Explication, or, more technically, explication de texte, is defined as a "method of literary criticism in which the interrelated details of a written work are examined and analyzed in an effort to understand its structure and discover its meanings." The term "structure," of course, describes much more than just the form (sonnet, villanelle, free verse, etc.) of a poem.
In other words, explicating a poem entails conducting a detailed analysis of both structure and content. The term "content" refers to the language of a poem. In other terms, then, analyzing the content of a poem involves offering a careful analysis of the specific words of a poem; this careful analysis of the language of a poem will, of course, lead to a discussion of other elements as well, including setting, speaker, metaphor, irony, etc. (the interrelated details).
Choose two of the poems from the assigned readings and:
* write a detailed analysis of its form and content.
* consider discussing such things as form of the poem and its content, the effect of such stylistic devices as alliteration, assonance, rhyme, meter variation.
**students should select poems not previously used in another assignment.
Discuss one essay (from the assigned readings through one or two
divergent critical approaches to literature.
Regardless of how you approach the essay, I expect it to be structured around some organizing thesis (main argument) that you pursue throughout your analysis of the essay. In other words, the goal of the essay is to make an argument about what the essay means through a careful analysis of its structure and content. Finally, be sure to read the requirements listed below, as this essay is different from the previous one in that it requires you to use three outside critical sources in your essay.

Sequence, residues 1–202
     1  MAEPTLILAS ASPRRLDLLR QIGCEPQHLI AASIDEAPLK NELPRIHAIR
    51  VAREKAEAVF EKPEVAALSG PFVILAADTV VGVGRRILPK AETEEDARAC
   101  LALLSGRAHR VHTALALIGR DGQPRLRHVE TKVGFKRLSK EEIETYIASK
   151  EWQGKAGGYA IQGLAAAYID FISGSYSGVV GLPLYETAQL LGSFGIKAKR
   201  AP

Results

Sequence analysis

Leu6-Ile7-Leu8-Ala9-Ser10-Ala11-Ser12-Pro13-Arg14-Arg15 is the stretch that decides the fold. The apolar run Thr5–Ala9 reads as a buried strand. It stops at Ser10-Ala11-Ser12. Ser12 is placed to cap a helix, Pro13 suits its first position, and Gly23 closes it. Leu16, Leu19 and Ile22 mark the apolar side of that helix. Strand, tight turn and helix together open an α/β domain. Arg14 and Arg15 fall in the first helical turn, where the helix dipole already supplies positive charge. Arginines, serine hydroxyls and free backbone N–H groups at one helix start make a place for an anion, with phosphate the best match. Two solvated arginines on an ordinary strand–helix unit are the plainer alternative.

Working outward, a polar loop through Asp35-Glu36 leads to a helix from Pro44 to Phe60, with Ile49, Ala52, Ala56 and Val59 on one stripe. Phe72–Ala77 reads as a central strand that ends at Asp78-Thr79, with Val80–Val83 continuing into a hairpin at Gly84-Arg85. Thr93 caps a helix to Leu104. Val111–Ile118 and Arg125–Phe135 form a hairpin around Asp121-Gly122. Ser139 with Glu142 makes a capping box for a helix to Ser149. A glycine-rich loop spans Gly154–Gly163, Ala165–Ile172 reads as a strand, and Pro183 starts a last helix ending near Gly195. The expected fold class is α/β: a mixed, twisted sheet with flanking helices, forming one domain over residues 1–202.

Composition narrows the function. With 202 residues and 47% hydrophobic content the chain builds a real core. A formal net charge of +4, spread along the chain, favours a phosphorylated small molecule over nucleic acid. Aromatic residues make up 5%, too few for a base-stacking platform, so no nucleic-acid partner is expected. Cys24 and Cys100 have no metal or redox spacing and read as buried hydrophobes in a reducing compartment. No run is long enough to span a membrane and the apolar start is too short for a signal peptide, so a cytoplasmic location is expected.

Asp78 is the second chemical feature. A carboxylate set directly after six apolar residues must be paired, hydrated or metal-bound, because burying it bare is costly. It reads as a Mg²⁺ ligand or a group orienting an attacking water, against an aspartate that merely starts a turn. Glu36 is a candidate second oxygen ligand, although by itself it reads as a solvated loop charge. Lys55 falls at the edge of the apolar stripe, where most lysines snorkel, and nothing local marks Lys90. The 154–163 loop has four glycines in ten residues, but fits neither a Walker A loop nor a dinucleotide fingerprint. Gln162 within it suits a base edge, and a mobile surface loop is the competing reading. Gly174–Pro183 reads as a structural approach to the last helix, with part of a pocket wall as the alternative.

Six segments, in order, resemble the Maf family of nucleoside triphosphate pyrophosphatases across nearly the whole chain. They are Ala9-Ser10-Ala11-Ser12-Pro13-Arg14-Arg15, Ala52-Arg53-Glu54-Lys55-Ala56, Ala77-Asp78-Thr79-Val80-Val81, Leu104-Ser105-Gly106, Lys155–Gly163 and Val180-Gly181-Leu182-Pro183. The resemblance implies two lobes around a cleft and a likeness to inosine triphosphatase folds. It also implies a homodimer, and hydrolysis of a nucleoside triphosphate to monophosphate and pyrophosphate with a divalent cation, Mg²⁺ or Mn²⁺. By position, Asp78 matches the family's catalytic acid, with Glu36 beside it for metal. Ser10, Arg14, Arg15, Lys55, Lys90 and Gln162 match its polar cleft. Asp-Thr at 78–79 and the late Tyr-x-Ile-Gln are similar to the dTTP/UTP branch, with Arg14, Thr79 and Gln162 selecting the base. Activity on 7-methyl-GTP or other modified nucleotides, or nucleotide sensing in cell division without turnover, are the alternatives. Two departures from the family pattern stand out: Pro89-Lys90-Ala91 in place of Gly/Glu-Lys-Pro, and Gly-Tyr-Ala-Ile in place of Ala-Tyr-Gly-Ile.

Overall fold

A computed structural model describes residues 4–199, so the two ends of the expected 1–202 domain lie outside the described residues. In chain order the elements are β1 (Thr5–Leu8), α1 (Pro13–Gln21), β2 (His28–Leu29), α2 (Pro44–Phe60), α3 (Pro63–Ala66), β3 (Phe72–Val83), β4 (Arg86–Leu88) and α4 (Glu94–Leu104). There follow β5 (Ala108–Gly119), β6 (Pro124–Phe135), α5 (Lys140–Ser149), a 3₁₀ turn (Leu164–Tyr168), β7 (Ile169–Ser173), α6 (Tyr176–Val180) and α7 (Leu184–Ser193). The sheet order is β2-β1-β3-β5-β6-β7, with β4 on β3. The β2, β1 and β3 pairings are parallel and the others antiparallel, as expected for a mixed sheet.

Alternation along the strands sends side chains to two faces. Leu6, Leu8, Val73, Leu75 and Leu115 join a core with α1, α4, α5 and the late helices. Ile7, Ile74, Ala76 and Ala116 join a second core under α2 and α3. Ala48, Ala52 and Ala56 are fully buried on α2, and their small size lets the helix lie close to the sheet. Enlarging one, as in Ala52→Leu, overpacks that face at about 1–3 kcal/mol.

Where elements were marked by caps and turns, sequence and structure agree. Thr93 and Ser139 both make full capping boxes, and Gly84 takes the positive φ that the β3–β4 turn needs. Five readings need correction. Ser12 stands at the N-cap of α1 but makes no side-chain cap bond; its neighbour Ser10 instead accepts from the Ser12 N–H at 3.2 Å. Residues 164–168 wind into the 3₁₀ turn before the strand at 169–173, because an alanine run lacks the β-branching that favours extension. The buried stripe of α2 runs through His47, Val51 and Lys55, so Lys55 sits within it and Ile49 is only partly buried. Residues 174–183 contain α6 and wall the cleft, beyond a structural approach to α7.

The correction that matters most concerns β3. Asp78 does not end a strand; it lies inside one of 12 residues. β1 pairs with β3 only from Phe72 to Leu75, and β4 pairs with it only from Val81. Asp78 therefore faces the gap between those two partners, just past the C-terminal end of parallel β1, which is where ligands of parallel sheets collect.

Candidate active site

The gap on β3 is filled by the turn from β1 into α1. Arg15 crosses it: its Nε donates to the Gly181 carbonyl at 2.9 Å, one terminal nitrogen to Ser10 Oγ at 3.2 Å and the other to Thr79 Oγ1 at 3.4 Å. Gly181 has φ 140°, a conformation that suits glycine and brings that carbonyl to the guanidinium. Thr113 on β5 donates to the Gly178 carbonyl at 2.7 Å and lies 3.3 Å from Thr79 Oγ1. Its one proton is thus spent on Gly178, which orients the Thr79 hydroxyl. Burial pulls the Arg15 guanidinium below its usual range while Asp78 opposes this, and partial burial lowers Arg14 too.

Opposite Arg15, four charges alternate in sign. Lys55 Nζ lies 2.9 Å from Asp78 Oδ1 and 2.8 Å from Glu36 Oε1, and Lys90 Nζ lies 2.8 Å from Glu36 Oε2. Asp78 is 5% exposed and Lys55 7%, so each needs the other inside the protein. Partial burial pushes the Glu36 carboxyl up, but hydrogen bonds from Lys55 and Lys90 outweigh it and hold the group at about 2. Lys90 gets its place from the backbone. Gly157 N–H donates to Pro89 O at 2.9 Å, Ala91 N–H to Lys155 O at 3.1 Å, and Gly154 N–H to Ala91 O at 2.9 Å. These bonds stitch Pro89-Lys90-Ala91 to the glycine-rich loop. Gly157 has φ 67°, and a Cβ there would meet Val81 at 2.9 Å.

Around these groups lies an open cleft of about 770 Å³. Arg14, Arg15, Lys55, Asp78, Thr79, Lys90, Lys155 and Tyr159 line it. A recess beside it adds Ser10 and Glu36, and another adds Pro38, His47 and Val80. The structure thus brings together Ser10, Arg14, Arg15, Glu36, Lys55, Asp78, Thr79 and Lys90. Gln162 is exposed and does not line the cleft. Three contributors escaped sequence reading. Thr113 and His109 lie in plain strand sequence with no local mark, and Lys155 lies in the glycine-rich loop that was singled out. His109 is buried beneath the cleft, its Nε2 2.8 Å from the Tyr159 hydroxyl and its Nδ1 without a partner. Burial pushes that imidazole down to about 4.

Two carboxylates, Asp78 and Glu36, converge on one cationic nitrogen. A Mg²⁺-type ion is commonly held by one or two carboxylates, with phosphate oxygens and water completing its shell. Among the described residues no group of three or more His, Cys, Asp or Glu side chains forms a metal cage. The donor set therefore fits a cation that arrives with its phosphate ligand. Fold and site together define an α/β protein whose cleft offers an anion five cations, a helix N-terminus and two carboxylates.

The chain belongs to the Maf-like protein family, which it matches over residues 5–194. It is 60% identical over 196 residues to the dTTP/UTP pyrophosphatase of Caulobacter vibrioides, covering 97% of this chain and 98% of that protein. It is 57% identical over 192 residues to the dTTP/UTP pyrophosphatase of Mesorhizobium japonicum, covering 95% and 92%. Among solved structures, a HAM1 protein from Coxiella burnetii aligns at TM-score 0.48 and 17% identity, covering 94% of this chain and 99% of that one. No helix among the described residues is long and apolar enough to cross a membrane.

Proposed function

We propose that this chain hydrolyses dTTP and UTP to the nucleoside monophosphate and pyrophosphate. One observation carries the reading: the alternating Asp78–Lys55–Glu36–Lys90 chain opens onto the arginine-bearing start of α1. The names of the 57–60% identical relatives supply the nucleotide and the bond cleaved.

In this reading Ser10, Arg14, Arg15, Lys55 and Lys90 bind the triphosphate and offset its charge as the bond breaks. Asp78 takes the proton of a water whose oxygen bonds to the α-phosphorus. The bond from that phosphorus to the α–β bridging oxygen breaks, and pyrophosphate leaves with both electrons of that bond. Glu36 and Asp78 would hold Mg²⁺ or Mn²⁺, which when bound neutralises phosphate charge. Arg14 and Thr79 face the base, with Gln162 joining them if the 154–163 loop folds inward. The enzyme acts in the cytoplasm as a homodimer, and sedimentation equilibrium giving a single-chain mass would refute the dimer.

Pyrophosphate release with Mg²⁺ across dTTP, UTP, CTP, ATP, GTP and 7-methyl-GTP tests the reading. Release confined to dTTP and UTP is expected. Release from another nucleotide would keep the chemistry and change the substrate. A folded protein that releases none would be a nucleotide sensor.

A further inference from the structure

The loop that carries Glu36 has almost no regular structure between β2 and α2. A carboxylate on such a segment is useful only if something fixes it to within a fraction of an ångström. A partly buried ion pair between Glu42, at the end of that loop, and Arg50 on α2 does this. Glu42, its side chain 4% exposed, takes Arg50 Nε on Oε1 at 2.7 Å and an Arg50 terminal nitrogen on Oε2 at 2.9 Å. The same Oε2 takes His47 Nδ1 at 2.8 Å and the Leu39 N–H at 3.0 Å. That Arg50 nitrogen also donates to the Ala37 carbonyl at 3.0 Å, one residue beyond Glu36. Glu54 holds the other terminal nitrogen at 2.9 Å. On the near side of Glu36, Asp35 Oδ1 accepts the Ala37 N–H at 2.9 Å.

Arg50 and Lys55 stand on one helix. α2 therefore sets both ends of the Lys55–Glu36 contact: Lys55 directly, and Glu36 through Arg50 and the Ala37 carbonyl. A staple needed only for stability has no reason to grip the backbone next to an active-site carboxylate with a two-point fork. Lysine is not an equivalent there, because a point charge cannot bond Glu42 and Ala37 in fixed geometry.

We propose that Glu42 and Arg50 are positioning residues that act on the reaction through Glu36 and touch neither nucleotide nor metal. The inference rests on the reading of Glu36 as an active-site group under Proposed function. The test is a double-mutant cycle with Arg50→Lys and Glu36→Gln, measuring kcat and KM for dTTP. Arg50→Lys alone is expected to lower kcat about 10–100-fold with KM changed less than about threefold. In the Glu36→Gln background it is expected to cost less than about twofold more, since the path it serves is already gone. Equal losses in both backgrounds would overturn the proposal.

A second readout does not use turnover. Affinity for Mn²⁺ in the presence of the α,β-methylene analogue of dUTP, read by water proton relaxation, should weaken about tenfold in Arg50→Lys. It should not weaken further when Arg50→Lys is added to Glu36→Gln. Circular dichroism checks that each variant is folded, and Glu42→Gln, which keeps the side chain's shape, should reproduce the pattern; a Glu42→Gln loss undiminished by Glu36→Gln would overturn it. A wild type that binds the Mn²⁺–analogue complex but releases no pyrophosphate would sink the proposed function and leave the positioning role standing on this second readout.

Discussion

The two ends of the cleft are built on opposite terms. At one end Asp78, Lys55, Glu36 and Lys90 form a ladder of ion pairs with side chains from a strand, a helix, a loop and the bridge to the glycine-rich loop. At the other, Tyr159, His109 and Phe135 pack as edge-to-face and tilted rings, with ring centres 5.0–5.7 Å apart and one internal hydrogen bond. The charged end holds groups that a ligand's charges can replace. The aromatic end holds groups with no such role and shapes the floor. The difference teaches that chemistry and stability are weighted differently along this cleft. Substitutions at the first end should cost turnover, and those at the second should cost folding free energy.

The requirements for the essay are as follows:
- Essay must be 6 pages in length
- Essay must be argumentative in nature
- Essay must use a sufficient number of textual examples--quotations followed by explanation and interpretation--as argumentative support
- Essay must contain at least three in-text citations
- Essay must adhere to MLA standards and guidelines
- Rough draft of essay must be exchanged with other class members.
- Also, here are a few things you should keep in mind as you are writing your essay:
- Your essay should contain a well-argued thesis statement
- The "body" of your essay should work to support your thesis statement
- Your essay should be free of grammatical and punctuation errors
- Titles of poems should be placed inside quotation marks
- Quoted lines of poetry should be separated by a slash, and the parenthetical citation should refer to the line numbers of the quotation, as in the following example: In "The Road Not Taken," Robert Frost writes, "Two roads diverged in a yellow wood / And sorry I could not travel both" (1-2).
For the second essay, as with the first, you will be required to read and make comments on the rough drafts of your classmates' essays. Students must have a rough draft in order to read a rough draft .